Date: estimated to be 1920s
Origin: United States
Brand: Custom made
A boudoir cap made with a base of varying weights of bobbinet tulle. The thicker of the tulles is used as a base of profuse hand embroidery that covers the majority of the cap, with a seam across the horizontal centre of the cap. A finer weight of tulle is used on round panels on either side.
Both side panels are embellished with 5 circular layers of ruched, fine, leavers lace, finished with a a cluster of velvet flowers and silk ribbon streamers. The back hem is trimmed with a single layer of ruched leavers lace. The front hem of the cap has two layers of the lace, with a layer of ruched silk ribbonwork. The garment is largely sewn by hand, with the exception of the lace trims and side panels, that appear to have been attached by machine.
The boudoir cap was originally a type of lingerie headwear, most commonly worn during the nineteenth to early twentieth centuries. It was originally worn over undressed hair, worn in the privacy of the boudoir alongside nightwear. In the 1910s and 1920s, it would be commonly worn to protect shorter hair styles during sleep. As the designs became more and more elaborate towards the 1930s, it began to be considered more of a decorative hair net. Like other forms of lingerie, boudoir caps were usually made in fine fabrics such as lace, tulle and satin. Embellishment was often profuse, with techniques such as ribbonwork being particularly commonplace.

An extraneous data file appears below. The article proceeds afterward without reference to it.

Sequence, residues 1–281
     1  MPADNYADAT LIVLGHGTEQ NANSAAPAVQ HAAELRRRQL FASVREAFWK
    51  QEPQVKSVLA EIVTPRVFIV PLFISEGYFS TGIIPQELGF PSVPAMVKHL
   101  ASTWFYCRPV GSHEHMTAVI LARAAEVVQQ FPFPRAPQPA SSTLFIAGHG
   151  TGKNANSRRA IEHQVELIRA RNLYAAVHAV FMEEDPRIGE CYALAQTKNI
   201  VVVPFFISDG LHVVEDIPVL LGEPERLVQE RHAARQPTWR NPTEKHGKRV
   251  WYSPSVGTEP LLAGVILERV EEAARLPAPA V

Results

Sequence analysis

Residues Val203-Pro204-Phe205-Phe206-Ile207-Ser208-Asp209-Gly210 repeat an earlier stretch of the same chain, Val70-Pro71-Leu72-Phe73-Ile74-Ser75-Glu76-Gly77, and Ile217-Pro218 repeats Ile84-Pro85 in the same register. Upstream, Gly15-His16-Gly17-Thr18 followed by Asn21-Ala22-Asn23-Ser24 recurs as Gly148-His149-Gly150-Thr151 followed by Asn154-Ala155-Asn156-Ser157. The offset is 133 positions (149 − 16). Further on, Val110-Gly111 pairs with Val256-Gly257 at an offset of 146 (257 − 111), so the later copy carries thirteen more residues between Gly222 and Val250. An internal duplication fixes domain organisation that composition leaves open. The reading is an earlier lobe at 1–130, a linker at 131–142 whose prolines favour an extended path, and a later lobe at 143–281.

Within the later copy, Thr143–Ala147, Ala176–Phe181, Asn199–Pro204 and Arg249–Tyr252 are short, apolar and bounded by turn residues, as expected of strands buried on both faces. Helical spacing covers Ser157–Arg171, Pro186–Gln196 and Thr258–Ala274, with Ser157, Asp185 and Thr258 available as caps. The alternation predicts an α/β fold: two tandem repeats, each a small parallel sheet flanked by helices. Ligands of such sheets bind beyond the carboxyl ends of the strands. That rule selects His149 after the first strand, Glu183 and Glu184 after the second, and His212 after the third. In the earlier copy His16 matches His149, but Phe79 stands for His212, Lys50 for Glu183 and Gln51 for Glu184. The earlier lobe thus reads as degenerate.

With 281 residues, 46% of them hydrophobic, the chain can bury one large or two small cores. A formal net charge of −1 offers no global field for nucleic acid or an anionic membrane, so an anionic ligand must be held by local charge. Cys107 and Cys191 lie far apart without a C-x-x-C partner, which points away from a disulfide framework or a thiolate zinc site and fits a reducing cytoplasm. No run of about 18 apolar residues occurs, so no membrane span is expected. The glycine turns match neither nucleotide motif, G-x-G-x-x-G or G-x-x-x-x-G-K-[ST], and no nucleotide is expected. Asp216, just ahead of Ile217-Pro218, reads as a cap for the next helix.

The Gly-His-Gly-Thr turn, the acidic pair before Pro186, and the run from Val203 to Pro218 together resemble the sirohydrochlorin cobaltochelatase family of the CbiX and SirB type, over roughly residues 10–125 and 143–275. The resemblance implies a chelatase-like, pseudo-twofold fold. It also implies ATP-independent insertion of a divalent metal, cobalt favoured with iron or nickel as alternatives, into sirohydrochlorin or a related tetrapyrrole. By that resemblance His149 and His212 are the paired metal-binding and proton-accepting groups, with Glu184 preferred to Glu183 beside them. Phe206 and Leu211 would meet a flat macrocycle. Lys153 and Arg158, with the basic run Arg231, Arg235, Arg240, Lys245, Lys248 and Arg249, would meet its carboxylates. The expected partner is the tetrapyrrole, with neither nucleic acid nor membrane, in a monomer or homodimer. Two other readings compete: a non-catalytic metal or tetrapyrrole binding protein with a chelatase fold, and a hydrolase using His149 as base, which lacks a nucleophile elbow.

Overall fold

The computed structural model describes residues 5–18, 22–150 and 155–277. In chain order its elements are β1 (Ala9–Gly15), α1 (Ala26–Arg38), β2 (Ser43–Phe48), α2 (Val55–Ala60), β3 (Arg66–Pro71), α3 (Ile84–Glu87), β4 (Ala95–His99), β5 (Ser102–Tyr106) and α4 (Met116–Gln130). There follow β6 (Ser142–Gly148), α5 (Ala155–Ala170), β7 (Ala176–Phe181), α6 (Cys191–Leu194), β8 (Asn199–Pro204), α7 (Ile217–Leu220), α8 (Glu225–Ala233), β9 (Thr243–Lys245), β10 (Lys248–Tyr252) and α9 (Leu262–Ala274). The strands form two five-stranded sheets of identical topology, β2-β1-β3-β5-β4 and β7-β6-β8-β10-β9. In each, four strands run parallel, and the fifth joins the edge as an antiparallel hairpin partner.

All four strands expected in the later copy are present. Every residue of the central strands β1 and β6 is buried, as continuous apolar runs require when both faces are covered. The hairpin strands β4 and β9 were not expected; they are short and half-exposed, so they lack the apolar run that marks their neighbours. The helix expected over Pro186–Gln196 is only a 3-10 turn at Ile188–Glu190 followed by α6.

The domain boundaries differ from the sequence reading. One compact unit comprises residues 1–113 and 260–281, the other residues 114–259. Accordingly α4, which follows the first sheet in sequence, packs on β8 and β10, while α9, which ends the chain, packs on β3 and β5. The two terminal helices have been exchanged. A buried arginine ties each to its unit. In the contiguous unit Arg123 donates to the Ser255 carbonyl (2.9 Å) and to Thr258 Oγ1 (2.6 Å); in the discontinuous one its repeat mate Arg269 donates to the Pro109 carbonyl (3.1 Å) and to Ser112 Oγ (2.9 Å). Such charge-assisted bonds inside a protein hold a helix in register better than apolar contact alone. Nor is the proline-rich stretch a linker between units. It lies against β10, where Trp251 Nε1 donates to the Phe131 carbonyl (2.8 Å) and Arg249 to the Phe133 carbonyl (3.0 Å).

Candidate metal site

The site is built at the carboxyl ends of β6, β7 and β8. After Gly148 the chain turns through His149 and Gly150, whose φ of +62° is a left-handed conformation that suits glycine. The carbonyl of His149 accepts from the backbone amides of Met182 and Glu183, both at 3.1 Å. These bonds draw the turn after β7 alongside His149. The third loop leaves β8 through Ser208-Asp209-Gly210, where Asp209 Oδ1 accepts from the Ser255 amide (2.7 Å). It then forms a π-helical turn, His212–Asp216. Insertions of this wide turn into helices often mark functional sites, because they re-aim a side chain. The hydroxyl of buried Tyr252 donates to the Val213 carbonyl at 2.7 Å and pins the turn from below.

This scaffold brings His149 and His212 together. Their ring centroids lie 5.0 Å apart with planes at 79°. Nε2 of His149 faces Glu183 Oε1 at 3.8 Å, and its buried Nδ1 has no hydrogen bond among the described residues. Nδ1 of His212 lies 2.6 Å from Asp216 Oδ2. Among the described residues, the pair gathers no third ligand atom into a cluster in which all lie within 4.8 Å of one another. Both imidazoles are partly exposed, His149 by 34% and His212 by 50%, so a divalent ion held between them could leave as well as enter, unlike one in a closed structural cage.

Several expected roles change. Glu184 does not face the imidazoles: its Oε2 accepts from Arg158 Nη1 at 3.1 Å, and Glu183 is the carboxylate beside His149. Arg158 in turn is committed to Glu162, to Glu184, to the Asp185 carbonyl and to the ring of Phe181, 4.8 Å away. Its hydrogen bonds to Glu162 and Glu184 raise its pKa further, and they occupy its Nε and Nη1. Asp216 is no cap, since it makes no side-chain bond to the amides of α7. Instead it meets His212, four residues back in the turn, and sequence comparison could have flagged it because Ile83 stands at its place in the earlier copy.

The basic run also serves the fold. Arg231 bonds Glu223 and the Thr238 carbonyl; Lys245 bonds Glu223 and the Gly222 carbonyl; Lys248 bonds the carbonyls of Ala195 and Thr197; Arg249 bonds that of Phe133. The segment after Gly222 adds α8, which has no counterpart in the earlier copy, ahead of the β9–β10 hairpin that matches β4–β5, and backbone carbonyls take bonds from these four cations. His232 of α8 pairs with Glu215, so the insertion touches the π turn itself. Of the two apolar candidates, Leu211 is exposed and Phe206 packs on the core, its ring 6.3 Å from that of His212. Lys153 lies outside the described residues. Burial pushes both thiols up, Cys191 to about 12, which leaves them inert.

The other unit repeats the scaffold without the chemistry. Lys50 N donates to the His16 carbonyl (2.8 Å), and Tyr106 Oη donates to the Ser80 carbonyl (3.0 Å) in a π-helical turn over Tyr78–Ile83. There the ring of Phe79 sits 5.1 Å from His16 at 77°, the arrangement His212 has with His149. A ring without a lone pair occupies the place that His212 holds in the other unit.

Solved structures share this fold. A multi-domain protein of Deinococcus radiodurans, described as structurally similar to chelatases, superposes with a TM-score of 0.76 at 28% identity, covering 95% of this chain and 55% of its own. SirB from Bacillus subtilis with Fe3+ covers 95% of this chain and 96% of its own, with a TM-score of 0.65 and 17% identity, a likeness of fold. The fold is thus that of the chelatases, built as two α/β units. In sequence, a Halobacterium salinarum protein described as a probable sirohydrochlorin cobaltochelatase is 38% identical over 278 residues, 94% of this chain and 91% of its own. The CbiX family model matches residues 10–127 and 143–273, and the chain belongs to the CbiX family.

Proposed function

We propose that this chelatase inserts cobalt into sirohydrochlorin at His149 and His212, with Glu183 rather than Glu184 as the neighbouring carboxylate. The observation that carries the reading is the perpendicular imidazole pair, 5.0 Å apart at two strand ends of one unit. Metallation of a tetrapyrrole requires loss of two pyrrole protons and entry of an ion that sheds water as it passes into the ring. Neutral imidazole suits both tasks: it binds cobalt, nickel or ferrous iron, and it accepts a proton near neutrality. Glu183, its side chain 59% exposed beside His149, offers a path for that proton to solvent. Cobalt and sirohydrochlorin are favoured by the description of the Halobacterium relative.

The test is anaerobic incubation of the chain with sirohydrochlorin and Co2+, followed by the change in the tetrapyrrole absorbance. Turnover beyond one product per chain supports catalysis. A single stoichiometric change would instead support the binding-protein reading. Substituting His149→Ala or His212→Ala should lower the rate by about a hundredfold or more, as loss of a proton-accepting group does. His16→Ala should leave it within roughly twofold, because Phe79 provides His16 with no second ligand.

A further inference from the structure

From the collection of Karolina Laskowska